Def Leppard Adrenalize
Adrenalize is a decent follow up to the tour de force that is Hysteria. It's clear that Def Leppard loses part of its sound with the death of Steve Clark, and it shows in some of the tracks that Clark didn't contribute to on Adrenalize.
Def Leppard's Adrenalize begins and ends extremely strong with Let's Get Rocked setting it up and Tear It Down, well, tearing it down. RIP Steve Clark.
Adrenalize - Def Leppard’s first album without Steve Clark. Just a shame.
It's a bit of a dip from Def Leppard's last two albums, Pyromania and Hysteria, but how could you legitimately compare anything to them? Pyromania was totally bad ass, and Hysteria is one of the most legendary albums ever released.
Make no mistake, Vivian Campbell has the all the skill in the world. It's just that Steve Clark was ... well, Steve Clark.
Along with Appetite for Destruction, Hysteria released 7 singles. Just incredible.
Let's Get Rocked
Great way to start an album. Musically solid, Let's Get Rocked is one big euphemism lyrically. At least it's classier than every track on Danger Danger's [Screw It][/danger-danger/screw-it/]. Def Leppard was a bit more keen to good marketing than some of their comrades (cold war pun).
Another song with rock in the title.
Def Leppard owns the pre-chorus better than any band in the history of time, and that's the best part of this mostly forgettable tune. The solo harkens back to Hysteria's Animal and Hysteria.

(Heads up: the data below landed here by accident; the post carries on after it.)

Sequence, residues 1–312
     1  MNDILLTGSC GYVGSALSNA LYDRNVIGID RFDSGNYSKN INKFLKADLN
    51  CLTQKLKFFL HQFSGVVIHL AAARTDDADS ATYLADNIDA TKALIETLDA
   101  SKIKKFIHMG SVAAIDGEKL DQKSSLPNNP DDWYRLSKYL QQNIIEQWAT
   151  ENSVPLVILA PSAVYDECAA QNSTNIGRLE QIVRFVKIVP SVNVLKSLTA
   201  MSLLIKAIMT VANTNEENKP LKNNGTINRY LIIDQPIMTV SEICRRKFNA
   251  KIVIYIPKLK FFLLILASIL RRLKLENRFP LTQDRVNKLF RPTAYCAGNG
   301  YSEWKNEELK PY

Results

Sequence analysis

Make Love Like A Man
Three tracks in and we drop innuendo and euphemisms for getting to the point. Let's call it what it is, another song about getting chicks over to your house. Fun guitar riffs though. Interesting little rap part around 2:40 or so.
OLD SCHOOL. Tonight gives Adrenalize a much needed boost in street cred with Pyromania / High 'n' Dry feel musically.
Following Tonight, White Lightning is a pretty complete tune and a bit of a change of pace for Def Leppard on Adrenalize as it's not a compact and formulaic attempt at writing a hit.
Stand Up (Kick Love Into Motion)
The chorus pedal'd clean guitars are staples of the Def Leppard sound, almost as much as the heavy synth drums and the "Def Leppard Chorus". Decent tune. Fluttery guitar solo from Collen's magic fingers. Elliot name drops Stairway To Heaven. Bold choice.
"You couldn't get it much better" ... signature Def Leppard sound over that part.
Even Def Leppard isn't immune to claiming ownership over women. A decent tune that might be a hit for a Saigon Kick or Bang Tango, but not the Joe, Rick, and The Sideways Mob.
Have You Ever Needed Someone So Bad
A rare, 8th track lost-in-love/heartache song. It's got a surprisingly bitchin' breakdown ... "damned if I don't, damned if I do".
Have You Ever Needed Someone So Bad is more like Have You Ever Needed A Song So Bad ... and that song is Bringing on the Heartbreak. Def Leppard wrote "sadness" better in 1981.
I Wanna Touch U
Lovable fluff. Like Personal Property, I Wanna Touch U would be a hit for other bands, but never ascends to Def Leppard's lofty standard. Key change to keep it interesting though. I do so love me a key change.
Tear It Down
A powerhouse of a song. It was the very last tune that Steve Clark played live with Def Leppard, appearing on the MTV music awards in 1989.
This song has it all, huge riff, impactful solo, a bad ass "Def Leppard chorus", and tons of energy. I always envisioned this song was the epicenter of what it meant to be Def Leppard - the bridge between all the songs written prior and all those that followed. Tear It Down represents the changing of the guard from Steve Steamin' Clark to Vivian Campbell (an amazing guitar player in his own right).
Tear It Down definitely sits on the Fizz Top 50 best [Hair Metal][/hair-metal/] songs chart.
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